With contract negotiations dragging on since July 1, 2014, the collective of port managers in the Pacific Maritime Association (PMA) at 29 West Coast intermodal container ports have locked out the International Longshore & Warehouse Union for the weekend of February 7-8, 2015. Despite PMA conceding and agreeing to pay 100% of longshore workers' health care costs, in addition to covering the "Cadillac Tax" under Obamacare and raising base wages 5% (and guaranteeing pensions of up to $88,800 a year), the union still has unmet demands; with port congestion reaching a crisis point, PMA is playing a game of brinksmanship by locking out the union at all West Coast ports.
Some background to the dispute is necessary. Here's a thumbnail sketch (apologies to those who've seen this analysis on libcom before):
What "labor" in the U.S. lacks today is a class analysis and an ability to act in the interest of all working class people, not only in the U.S. but worldwide. Instead we get most unions practicing a circle-the-wagons, narrowly self-interested scope of activity that doesn't go beyond their own members, based on an extremely myopic view of society and the world. That is, unless they're stumping for the Democratic Party, then they pull out all the -- mostly financial -- stops. A labor historian wrote a few years ago that "unions in the U.S. today have all the passion for social change as an insurance company." Sure, there are exceptions, like two of the unions, United Electrical, Radio and Machine Workers of America (UE) and International Longshore & Warehouse Union (ILWU), that survived their expulsion from the CIO in the anti-communist witch-hunts in 1949-1950, when they were kicked out with 10 other unions, mostly due to refusing the loyalty oaths of Taft-Hartley and having Communist Party members.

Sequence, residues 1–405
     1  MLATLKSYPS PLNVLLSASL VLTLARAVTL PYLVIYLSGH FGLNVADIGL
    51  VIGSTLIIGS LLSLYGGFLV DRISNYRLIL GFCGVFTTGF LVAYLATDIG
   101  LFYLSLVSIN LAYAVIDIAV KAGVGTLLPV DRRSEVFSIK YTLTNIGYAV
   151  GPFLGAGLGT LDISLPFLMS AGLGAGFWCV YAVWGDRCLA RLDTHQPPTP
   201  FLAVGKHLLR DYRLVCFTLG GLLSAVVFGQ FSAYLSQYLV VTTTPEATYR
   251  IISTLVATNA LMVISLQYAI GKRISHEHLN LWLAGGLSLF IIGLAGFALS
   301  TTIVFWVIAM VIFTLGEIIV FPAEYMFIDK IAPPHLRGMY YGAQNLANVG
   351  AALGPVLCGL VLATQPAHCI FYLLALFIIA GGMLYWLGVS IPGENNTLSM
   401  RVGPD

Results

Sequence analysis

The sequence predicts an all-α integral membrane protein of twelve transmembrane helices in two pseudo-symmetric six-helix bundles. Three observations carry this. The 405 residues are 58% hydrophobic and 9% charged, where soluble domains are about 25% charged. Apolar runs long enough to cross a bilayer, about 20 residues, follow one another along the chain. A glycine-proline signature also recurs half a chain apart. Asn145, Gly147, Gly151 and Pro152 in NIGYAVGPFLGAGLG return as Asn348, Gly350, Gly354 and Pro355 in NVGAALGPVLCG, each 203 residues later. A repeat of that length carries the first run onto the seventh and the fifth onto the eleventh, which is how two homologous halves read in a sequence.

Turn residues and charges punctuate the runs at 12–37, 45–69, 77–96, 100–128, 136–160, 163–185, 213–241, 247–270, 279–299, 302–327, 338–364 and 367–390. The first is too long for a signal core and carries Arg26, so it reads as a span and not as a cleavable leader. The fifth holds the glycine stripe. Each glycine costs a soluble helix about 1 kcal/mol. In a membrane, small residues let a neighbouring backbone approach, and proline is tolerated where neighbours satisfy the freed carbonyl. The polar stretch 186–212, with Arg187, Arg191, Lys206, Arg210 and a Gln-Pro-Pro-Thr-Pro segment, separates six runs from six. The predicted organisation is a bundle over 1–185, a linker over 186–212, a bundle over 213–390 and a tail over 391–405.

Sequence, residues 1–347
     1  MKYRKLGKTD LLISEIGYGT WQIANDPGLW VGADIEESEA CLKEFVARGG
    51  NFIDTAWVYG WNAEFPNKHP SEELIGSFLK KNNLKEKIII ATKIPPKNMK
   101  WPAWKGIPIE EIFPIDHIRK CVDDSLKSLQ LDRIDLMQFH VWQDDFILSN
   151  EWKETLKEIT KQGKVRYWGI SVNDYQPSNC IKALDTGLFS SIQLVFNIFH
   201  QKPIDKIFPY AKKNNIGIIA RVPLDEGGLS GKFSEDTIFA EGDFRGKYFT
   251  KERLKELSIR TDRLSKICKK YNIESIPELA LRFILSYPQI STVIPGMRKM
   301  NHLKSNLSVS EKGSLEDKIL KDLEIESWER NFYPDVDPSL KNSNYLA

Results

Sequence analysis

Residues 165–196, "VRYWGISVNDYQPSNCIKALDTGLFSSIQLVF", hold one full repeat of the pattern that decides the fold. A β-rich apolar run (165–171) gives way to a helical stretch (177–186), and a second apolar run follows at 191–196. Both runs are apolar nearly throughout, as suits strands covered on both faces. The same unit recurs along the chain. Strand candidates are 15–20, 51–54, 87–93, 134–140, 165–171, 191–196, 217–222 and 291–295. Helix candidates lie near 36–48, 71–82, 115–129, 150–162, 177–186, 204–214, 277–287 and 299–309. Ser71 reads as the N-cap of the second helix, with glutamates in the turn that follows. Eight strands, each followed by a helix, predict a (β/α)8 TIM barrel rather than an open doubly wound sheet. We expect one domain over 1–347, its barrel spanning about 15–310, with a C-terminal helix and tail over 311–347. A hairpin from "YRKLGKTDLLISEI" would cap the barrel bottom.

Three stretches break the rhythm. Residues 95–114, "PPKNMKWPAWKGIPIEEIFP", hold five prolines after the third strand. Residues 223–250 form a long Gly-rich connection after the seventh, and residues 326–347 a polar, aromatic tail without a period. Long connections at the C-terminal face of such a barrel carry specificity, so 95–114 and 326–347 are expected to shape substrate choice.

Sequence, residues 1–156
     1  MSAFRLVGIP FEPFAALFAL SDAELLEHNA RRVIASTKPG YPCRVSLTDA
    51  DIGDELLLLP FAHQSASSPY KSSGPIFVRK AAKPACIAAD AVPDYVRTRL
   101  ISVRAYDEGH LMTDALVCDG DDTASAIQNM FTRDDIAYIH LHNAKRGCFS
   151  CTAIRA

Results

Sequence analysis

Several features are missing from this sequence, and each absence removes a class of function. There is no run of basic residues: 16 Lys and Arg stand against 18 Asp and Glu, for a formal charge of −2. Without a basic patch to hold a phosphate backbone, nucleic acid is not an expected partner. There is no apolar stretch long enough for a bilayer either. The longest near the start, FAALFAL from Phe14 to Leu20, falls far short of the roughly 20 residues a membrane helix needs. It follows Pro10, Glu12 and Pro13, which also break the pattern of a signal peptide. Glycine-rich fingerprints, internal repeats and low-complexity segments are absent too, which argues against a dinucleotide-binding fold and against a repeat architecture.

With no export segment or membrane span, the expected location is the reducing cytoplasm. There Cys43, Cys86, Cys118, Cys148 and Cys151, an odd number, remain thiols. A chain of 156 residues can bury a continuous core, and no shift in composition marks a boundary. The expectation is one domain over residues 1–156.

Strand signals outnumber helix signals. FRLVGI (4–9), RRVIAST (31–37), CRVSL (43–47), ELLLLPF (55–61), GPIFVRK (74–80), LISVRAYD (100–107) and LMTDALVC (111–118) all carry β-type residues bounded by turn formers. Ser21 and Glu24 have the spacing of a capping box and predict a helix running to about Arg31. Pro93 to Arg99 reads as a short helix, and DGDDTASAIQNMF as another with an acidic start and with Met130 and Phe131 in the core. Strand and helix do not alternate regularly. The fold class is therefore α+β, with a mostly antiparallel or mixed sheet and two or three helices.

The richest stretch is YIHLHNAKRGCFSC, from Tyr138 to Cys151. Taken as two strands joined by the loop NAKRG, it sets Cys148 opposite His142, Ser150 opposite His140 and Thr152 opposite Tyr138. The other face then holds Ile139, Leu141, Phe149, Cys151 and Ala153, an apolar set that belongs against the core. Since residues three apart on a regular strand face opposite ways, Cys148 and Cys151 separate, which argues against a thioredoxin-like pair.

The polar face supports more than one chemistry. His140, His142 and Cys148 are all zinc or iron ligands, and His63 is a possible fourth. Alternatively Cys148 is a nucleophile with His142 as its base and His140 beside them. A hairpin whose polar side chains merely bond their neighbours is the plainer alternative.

UE, like the ILWU, survived McCarthyism and more recently led the inspiring occupation of the Republic Windows and Door factory in Chicago for 5 days in December 2008. They continue to do militant and inspiring actions -- including the successful 3-week strike by warehouse workers in Elwood, Illinois in 2012. But clearly the ILWU is in trouble. Since UE and ILWU are a tenuous connection with class struggle of previous eras, we wish it weren't so. We don't want to see our sisters and brother who are some of the highest paid industrial workers in North America get crushed, but present conditions don't bode too well for longshore workers on the West Coast. First there was the awful compromise to get back into the EGT facility in Longview, WA, that essentially killed the hiring hall, among many other terrible concessions. On February 27, 2013 Mitsui locked out ILWU Local 4 from their United Grain terminal in Vancouver, Washington when they refused to accept the same conditions as EGT workers in Longview. Then on May 4, 2013, Marubeni locked out ILWU Local 8 workers at its Columbia Grain terminal in Portland, Oregon for the same reason. They only went back to work when the lockout ended, after 1 1/2 years, with provisions calling for equalizing the master contract to conform with the one at EGT in Longview, which sets the new standard. And will virtually eliminate the hiring hall and hard-won working conditions that go back to the 1930s.
Here's what they lost in Longview, and what will effect the master grain handlers contract:
- • ILWU Local 40 shipping clerks had all their positions eliminated
- • management, at its discretion, can reject any worker dispatched from the ILWU hiring hall; reminiscent of Article 9.43, management can make any worker a "permanent regular employee" outside the hiring hall
- • Article VIII (section 8.01c) makes anyone working at EGT basically an "at-will" employee who can be fired for any reason